One of the best emails I can get is a past student telling me about a promotion and asking for advice on how to prepare. I closed my most recent reply to a recent graduate with thanks for the chance to think this through. Here is a generalized version of my reply — taking on a Thinking in 4T approach.
Thinking in 4T means starting with your target/goal and then considering how best to leverage among your available talent (your own and others, acknowledging the social aspects of the situation), technology (everything from office design to artificial intelligence), and technique (practices and methods).
What does your new position need of you in the first month and months? Is the ship underway and headed in a good direction? If not, be thinking about how much time your new team and you need for diagnosis. Even if the direction seems to be a good one, what will you need to do to be sure it remains the right direction or when it will be time to reassess? (Books covering the first 90-100 days of a new job.)
There are many ways to approach Talent: Your own knowledge, skills, and abilities; those of your team; those you might need to add to your team. Perhaps first of these is how to mesh your own talent with that of your new team. Key here is that this team will be a new one just given you’ve joined it. Every time the membership of a team changes, the transactive memory of that team shifts. Transactive memory is the knowledge of who knows what, who needs what information, and how to coordinate across the members given this knowledge. (For more detail/examples of transactive memory, click here.)
We are in an excellent position to see opportunities to make improvements in technique when we are newcomers. At the same time, we need to be sure that we understand the nuances of the situation and don’t come barging in like a bull in a china shop. In my book, The Plugged-In Manager, I take a strong stance on the value of negotiation approaches for managing change and conflict across the board. The negotiation approach highlights the needs of all the stakeholders and is a great way to keep the richness of the situation top of mind.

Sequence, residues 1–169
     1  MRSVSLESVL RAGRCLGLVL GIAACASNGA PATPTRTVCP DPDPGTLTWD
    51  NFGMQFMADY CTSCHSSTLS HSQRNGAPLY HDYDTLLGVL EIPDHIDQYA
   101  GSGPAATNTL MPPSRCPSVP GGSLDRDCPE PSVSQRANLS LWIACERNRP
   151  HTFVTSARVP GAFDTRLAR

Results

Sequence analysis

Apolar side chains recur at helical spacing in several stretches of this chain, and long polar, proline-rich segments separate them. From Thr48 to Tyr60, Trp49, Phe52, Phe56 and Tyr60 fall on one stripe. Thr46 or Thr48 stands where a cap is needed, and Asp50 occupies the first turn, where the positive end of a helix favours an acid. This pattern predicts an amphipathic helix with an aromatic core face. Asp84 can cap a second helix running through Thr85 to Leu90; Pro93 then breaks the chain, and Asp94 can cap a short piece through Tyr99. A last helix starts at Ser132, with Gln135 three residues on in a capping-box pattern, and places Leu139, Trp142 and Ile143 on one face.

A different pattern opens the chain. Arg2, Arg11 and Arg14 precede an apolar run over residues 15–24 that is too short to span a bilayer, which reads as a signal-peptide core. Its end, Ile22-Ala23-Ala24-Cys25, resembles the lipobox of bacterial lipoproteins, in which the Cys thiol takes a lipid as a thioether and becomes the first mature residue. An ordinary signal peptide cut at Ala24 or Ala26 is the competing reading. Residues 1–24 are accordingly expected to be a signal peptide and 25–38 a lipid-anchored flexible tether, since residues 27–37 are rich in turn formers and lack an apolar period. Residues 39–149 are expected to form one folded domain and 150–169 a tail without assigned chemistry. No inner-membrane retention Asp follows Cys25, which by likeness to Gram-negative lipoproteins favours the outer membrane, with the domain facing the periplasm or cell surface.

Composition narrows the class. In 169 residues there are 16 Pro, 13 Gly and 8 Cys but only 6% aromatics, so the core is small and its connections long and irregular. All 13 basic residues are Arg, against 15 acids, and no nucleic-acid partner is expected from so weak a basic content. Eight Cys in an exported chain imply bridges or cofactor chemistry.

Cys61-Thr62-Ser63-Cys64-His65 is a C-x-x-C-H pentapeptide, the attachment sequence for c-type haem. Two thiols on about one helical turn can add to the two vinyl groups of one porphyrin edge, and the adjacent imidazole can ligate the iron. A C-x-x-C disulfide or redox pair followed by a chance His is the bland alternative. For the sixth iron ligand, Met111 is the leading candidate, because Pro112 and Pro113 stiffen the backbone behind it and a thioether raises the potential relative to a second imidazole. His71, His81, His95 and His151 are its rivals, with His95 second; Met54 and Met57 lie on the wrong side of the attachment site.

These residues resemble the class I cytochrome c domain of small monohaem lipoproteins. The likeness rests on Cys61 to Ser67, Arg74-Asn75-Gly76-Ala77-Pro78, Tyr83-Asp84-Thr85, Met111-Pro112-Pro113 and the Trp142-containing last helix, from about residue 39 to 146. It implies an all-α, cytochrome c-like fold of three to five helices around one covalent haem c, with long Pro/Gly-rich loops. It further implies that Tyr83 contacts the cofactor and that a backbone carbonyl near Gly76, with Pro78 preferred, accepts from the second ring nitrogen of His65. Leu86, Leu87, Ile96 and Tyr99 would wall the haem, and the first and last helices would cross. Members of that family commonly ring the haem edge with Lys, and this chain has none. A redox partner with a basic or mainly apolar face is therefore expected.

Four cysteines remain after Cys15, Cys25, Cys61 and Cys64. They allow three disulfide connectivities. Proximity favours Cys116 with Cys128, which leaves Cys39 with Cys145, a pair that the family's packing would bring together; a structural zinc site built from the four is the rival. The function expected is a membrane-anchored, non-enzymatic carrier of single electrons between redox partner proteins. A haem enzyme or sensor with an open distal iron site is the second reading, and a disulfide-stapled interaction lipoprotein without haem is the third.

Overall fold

If you can take an exec multi-day course (e.g., Stanford, Kellogg, Wharton - we offer superb custom corporate versions at Santa Clara University) on negotiation I think you’d find it valuable. The courses are even more valuable if you think about the techniques beyond the traditional negotiation context (e.g., apply the models to change management).
Technique can also apply to how you stay abreast of new ways of doing things. Business publications like Laszlo Bock’s book, Work Rules! describing the people operations role at Google is interesting (and data focused). Find some execs you admire who are active on social media — take everything with a grain of salt, but this approach offers great for triggers for your own ideas. You also might want to be looking for a small (!) professional group that meets once a quarter or so. Great for networking and, again, triggering your own ideas.
Promotions and Happy New Year!
May we all have great outcomes in our work this New Year. Congratulations to my student who prompted this post and all his colleagues on their graduation. Some of you know that sharing is the third practice of a Plugged-In Manager -- please share your advice here or let us know how you’ve applied any ideas similar to these.